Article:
Our initial background information regarding Patient Gip has been erroneous; that much is certain. Feeling it was time to comfort Mr. Gip on the matter, I summoned him to my office.
When I first suggested we had evidence he had been abandoned at Boston’s Fenway Park in the early months of 1977, most likely by his blood father, he pretended not to hear me.
Yet when I produced the newspaper clipping about the abandoned boy, he went into a highly disturbed state, calling me an “idiot quack” and demanding to know how I ever got this “trailer park nurse job.”
It was time to reiterate what he has found impossible to fathom. “I am not a nurse, Mr. Gip,” I began, ” but a chief of psychiatry. And this is not the Sea Breeze Trailer Park, but Squallpocket State Hospital, and you have been a patient here since 1993.” He stared at me in wide-eyed horror, though something seemed to percolate in his brain.
It was at that moment, however, that a loud commotion was heard out in the ward. Through the glass of my office, a handful of patients could be seen fighting over something at Mr. Gip’s bed. “My dice!” he yelled, and rushed out to join the fray. I got on the phone, called for orderlies. Hurried after Mr. Gip into the ward. He reached his bed, got his hands on whatever imaginary object(s) they were fighting over—
—and there was a sudden blinding flash. I staggered, rubbed my eyes. Looked again.
Every one of the fighting patients had disappeared.
“Damn it!” yelled Seamus Headley, our allegedly deaf and dumb ward sweeper who had also just burst into the room. I looked at him in shock.
“Yeah, yeah, I know. Show’s over, doc. I can talk and sing and everything. But now we got a bigger problem.”
“You know about this? Where did they go??”
He extracted some kind of radio transmitter from a tiny compartment atop his broom. “Headley here,” he spoke into it, “We have Condition X. Gip plus five.”
I shook him violently. “What’s happening??”
“What’s happening is we lost ’em. Gip, Mikey Spano, Sherman Wayman, Friendly Fred, Crazy Amy, even Lester, this schizo farmboy of yours from the midwest I’ve been eyeing since yesterday. They all just got themselves stuck back in 1977.”
TO BE CONTINUED…
Today’s Action, gleaned from Mr. Gip’s notes and scoring pad:
RANGERS 14-16-0, at RED SOX 4-6-2
Apparently the Bosox can’t win when they don’t hit, and especially when Fergie Jenkins pitches like Fergie of England. Two walks, two singles and a double happen before he records an out in the 1st, followed soon by three doubles, a single and two walks in the 3rd. On the plus side, Jim Rice knocks in his second run of the year.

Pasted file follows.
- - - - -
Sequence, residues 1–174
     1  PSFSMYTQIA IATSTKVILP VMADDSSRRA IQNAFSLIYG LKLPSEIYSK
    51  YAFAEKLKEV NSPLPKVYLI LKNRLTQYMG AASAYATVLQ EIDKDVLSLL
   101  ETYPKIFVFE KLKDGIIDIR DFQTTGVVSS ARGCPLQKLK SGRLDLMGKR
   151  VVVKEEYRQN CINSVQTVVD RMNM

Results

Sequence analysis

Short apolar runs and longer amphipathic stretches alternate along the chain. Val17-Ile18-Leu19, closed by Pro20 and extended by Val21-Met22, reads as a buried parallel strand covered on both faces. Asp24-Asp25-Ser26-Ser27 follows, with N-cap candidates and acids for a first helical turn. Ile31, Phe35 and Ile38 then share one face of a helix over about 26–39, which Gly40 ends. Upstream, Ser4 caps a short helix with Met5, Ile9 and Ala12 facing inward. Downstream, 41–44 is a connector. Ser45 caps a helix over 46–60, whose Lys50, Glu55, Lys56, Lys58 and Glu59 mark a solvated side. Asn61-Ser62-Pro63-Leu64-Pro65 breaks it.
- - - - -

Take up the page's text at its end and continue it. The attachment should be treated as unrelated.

W-Alexander L-Jenkins HRS: Harrah, Carbo GWRBI-Horton
WHITE SOX 7-9-0, at YANKEES 1-6-1
The punchless Yanks get hypnotized by Chris Knapp this time, while poor Guidry goes out with a 2-1 lead in the 9th after the Sox load the bases. Tidrow enters, throws one pitch to pinch-hitter and fromaster Oscar Gamble which goes halfway up the upper deck.
W-Knapp L-Guidry HRS: L. Johnson, Gamble, White GWRBI-L. Johnson
at ORIOLES 3-8-0, TWINS 1-7-1
With three players hurt, the Birds get an emergency CG from Palmer and a big 2-run triple by Lee May for all they need.
W-Palmer L-Redfern GWRBI-May
ROYALS 10-14-0, at INDIANS 2-9-1
The Tribe collect nine singles, while ten of the fourteen K.C. hits go for extra bases off punching bag Eckersley. And this is the pitching matchup that favored Cleveland.
W-Hassler L-Eckersley HRS: Brett, White, Otis-2 GWRBI-Cowens
ASTROS 2-10-0, at PHILLIES 1-6-0
If there’s ever a game Houston deserves, it’s this one. The ‘Stros leave 16 on the bases against Carlton and Reed, but seven of those are by Enos Cabell when he misses three straight 1-13 homer rolls (65%) that would have produced a grand slam and two 3-run jobs. Despite J.R. Richard’s ten whiffs in eight innings, he’s down 1-0 when he ties the game with his own homer, before Cruz wins it with one off Reed in the 9th. Incredible game, though I don’t think Mikey Spano’s too happy about it.
W-Richard L-Reed SV-Sambito HRS: Richard, Cruz, McCarver GWRBI-Cruz
at PIRATES 8-16-3, CUBS 7-17-0
Kind of like the Astros-Phils game, on steroids. Chicago goes up 7-0 behind Resuchel, but the large man tires in the 6th and it’s 7-4 when brother Paul Reuschel comes on to give up two singles and a game-knotting 3-run bomb (on a 1-2 roll) to Pops Stargell. Bring on Willie Hernandez, who has nothing this time, and a Robinson single, Dyer walk and Garner single win it for the ever-battling Buccos.
W-G. Jackson L-Hernandez SV-Tekulve HR-Stargell GWRBI-Garner
DODGERS 7-12-1, at EXPOS 1-9-1
Rhoden outpitches Bahnsen, helped by three Expo DPs. Strangely enough, they never get Reggie Smith out.
W-Rhoden L-Bahnsen SV-Garman
at REDS 4-8-0, CARDS 2-10-0
Tom Underwood drops to 0-3, Doug Capilla is nasty, and Cincy takes round one of the 22-game Buggy River Classic.
W-Capilla L-Underwood SV-Sarmiento HR-McBride GWRBI-Rose
A FEW HITTING LEADERS
NL BATTING AVG.
.418 Parker, PIT
.411 Carter, MON
.389 Oliver, PIT
.372 Templeton, STL
.371 Simmons, STL
7 Smith, L.A.
6 Bench, CIN
6 Valentine, MON
20 Garvey, L.A.
19 Valentine, MON
19 Robinson, PIT
18 Smith, L.A.
AL BATTING AVG.
.470 Carew, MIN
.375 Cowens, K.C.
.351 Yaz, BOS
,339, Harrah, TEX
.323, Zisk, CHX
8 Harrah, TEX
7 Yaz, BOS
6 Brett, K.C.
24 Harrah, TEX
21 Yaz, BOS
18 Gamble, CHX
American League through Thursday, May 1
National League through Thursday, May 1